Imposing cooperation: the impact of institutions on the efficiency of cooperatives in the Philippines

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The purpose of this study is to answer the research question: How do cooperative organizations perform when created by government fiat in an emerging market? Through the use of institutional and agency theory, this paper presents a comparative analysis of the efficiency of the cooperative form of organization and investor-owned firms-investigating how the social–political structures in a community affect the efficiency of cooperatives vis-à-vis investor-owned firms. This paper also attempts to offer a better understanding of how government quality and organizational size influence performance outcomes between different organizational forms specifically in the Philippines.

Design Methodology Approach

The empirical analysis of this study was conducted among electric distribution utilities in the Philippines. Firm-level data was generated for 133 distributors, consisting of 119 electric cooperatives and 14 investor-owned companies. Panel data regressions were ran to test all hypotheses.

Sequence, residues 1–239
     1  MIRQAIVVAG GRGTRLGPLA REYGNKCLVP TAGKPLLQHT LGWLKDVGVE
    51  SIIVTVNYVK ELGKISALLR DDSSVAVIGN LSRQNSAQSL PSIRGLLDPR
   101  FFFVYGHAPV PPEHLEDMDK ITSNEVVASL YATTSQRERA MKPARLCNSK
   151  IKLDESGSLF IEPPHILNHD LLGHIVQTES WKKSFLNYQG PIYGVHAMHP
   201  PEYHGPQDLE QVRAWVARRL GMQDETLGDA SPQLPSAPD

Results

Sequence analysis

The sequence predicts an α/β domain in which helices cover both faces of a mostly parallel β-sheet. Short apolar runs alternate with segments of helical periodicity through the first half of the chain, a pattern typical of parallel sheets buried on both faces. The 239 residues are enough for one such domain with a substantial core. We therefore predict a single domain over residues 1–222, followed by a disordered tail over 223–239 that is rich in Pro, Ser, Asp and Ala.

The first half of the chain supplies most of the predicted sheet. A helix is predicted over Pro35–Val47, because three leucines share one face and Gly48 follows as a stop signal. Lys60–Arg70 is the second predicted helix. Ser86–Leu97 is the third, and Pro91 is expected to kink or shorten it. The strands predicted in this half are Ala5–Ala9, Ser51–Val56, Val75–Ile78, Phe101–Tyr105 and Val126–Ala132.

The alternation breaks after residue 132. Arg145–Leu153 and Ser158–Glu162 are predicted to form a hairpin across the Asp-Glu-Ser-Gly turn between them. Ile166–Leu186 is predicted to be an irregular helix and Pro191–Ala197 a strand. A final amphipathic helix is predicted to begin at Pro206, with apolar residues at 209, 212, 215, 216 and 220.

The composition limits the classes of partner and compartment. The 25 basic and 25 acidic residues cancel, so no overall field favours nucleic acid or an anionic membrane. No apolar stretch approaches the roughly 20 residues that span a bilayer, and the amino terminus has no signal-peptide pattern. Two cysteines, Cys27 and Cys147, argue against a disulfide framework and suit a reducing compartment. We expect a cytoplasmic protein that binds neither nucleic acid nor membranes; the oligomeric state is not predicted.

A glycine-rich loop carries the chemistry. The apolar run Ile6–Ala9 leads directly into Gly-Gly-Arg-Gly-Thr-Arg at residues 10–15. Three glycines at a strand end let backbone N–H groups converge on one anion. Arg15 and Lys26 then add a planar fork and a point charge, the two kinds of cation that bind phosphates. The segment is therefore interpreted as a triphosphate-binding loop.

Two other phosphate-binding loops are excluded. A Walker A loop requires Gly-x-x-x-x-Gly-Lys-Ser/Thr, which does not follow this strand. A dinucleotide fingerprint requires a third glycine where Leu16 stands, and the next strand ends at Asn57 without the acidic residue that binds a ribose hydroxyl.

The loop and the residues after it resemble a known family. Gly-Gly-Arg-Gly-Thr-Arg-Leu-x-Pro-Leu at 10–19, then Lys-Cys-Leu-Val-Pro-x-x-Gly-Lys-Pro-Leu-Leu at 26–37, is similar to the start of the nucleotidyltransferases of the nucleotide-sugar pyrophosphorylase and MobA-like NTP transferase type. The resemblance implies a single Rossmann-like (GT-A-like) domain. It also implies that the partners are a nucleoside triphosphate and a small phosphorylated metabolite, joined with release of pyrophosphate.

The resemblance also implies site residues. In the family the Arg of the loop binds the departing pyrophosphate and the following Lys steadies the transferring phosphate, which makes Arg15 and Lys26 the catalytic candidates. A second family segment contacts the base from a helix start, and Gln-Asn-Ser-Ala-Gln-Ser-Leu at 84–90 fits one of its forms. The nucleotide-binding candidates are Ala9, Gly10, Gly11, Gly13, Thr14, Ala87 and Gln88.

Cooperative organizations operate at a less efficient rate than investor-owned firms in the Philippines, even when controlling for firm-specific factors such as size, customer density and profitability. In addition, the efficiency of these cooperative organizations is more strongly influenced by the quality of the local government than investor-owned firms.

Originality Value

Positive externalities generated by the propagation of cooperatives on local communities may be based primarily on our understanding of how cooperatives have functioned largely in western contexts. Within the context of Southeast Asia, where national socio-political structures may be more dysfunctional, this paper observes that there is an equivalent negative externality caused by the tendency of cooperatives to replicate the political mismanagement of the community around it.